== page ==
After authorities announced a foiled terror plot against Fort Dix soldiers, troops working the gates of the fort stepped up vehicle security checks and some schools in the surrounding communities kept the children indoors as a safety precaution.

Random searches of vehicles were increased at the fort's gates and many soldiers who ventured into Wrightstown, next to the fort, said they would be more vigilant.

At a nearby elementary school in Wrightstown, teachers said they were alerted to the plot and told to keep the children indoors during recess as an added precaution.

Across the borough and the adjacent Cookstown, next to McGuire Air Force Base, the news of the arrests of six suspects in the plot was the topic of every conversation - and blared from televisions and radios in restaurants and other businesses.

And news crews from New Jersey, Pennsylvania and New York - many of them equipped with their satellite dishes and video cameras - were camped out at various Fort Dix gates as well as at Super Mario's Pizza Ristorante in Cookstown. The owner's son, Serdar Tatar, was among the six arrested.

At Fort Dix, spokesman David Moore said, "Security at Fort Dix remains stringent in the wake of arrests of six men who were allegedly plotting a terrorist attack on the post. This alleged attack is a reminder that we are a nation at war, and that each of us must be vigilant and aware of our surroundings.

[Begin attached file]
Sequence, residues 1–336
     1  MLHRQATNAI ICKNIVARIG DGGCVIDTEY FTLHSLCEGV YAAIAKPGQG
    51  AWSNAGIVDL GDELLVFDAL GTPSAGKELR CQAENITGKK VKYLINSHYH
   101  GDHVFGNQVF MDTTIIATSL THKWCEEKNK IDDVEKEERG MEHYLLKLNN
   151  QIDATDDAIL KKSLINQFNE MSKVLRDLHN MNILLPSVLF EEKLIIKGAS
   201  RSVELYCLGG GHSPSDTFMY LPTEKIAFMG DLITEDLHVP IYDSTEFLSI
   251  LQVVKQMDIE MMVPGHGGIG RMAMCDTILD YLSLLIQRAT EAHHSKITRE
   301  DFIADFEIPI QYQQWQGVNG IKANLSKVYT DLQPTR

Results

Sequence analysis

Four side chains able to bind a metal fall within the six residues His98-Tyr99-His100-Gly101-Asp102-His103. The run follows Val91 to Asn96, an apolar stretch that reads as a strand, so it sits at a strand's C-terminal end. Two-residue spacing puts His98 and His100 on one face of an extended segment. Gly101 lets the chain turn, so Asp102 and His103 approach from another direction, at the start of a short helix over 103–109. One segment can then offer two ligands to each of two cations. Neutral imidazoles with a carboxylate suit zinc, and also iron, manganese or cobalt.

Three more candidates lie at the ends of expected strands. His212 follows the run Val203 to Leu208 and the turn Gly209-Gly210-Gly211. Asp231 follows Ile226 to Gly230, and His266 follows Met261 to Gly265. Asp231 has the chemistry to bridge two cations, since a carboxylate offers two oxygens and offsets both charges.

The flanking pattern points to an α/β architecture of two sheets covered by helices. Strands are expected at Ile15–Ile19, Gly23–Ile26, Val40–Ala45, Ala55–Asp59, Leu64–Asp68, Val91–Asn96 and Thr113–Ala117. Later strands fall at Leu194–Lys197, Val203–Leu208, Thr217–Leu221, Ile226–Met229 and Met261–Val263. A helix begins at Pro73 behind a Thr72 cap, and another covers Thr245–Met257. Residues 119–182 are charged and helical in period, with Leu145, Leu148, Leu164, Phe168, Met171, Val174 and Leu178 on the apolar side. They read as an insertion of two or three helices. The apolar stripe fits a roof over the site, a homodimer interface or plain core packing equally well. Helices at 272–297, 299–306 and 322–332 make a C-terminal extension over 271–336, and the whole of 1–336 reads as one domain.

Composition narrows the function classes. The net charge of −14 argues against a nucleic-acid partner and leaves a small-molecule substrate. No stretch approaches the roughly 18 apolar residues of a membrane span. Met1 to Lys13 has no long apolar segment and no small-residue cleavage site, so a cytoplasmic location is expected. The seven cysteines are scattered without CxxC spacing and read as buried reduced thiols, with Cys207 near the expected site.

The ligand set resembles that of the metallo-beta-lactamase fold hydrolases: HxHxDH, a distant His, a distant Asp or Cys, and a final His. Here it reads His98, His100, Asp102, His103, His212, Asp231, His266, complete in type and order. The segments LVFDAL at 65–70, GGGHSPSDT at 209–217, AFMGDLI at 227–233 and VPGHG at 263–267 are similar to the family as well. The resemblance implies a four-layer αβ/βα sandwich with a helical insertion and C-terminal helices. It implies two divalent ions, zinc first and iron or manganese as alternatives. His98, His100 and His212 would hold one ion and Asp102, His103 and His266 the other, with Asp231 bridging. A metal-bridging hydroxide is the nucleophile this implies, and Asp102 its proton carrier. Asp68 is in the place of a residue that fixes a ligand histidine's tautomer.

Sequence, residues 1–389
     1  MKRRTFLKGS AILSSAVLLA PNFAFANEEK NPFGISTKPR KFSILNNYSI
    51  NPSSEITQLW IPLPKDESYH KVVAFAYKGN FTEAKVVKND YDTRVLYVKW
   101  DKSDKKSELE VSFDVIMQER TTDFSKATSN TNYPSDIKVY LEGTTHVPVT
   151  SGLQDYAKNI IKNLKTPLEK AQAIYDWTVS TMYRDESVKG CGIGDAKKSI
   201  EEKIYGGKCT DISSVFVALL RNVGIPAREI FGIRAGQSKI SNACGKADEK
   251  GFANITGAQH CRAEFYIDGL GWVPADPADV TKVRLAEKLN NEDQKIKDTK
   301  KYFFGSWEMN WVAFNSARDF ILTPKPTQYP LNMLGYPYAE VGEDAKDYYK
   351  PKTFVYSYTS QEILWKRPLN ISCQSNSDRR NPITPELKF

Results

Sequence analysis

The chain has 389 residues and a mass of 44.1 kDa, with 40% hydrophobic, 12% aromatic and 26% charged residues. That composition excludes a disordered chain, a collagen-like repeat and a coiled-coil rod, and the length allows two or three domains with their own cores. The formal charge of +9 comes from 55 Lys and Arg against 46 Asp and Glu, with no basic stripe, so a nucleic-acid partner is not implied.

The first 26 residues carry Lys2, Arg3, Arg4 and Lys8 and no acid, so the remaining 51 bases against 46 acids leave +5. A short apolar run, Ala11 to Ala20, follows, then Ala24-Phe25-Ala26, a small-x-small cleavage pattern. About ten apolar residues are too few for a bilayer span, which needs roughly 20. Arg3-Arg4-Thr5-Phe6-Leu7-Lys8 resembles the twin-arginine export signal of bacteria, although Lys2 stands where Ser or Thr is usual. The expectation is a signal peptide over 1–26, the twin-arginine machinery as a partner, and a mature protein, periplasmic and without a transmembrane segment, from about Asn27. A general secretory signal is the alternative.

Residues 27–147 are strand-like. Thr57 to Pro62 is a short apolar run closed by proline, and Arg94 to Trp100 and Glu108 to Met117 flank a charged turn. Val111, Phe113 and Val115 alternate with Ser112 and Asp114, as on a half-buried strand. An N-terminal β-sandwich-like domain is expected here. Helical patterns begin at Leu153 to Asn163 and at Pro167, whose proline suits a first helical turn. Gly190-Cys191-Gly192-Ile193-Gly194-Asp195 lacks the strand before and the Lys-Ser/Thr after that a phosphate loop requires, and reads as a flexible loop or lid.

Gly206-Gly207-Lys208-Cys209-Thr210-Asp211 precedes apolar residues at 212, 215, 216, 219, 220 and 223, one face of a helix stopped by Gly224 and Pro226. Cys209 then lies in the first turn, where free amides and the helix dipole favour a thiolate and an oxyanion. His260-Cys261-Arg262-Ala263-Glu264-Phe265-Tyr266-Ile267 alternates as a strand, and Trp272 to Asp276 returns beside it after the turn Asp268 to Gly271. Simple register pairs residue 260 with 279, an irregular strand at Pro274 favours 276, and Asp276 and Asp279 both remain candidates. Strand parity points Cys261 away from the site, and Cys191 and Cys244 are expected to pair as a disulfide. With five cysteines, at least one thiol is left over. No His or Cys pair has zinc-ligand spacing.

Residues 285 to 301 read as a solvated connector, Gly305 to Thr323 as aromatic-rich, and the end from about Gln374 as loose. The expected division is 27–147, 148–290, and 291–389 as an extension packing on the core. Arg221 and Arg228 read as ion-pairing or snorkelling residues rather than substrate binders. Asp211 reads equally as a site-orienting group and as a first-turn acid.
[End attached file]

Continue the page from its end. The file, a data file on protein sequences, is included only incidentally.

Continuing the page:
"On a positive note, the Fort Dix and McGuire AFB law enforcement community has partnered with the FBI and local communities during this lengthy investigation to ensure the safety of our joint installations.

"Mobilization and training continue as scheduled at Fort Dix, which has mobilized and demobilized more than 95,000 Soldiers since September 11.

"Those passing through checkpoints onto Fort Dix will notice more frequent vehicle searches and strict adherence to a 100 percent ID check, which may slow traffic."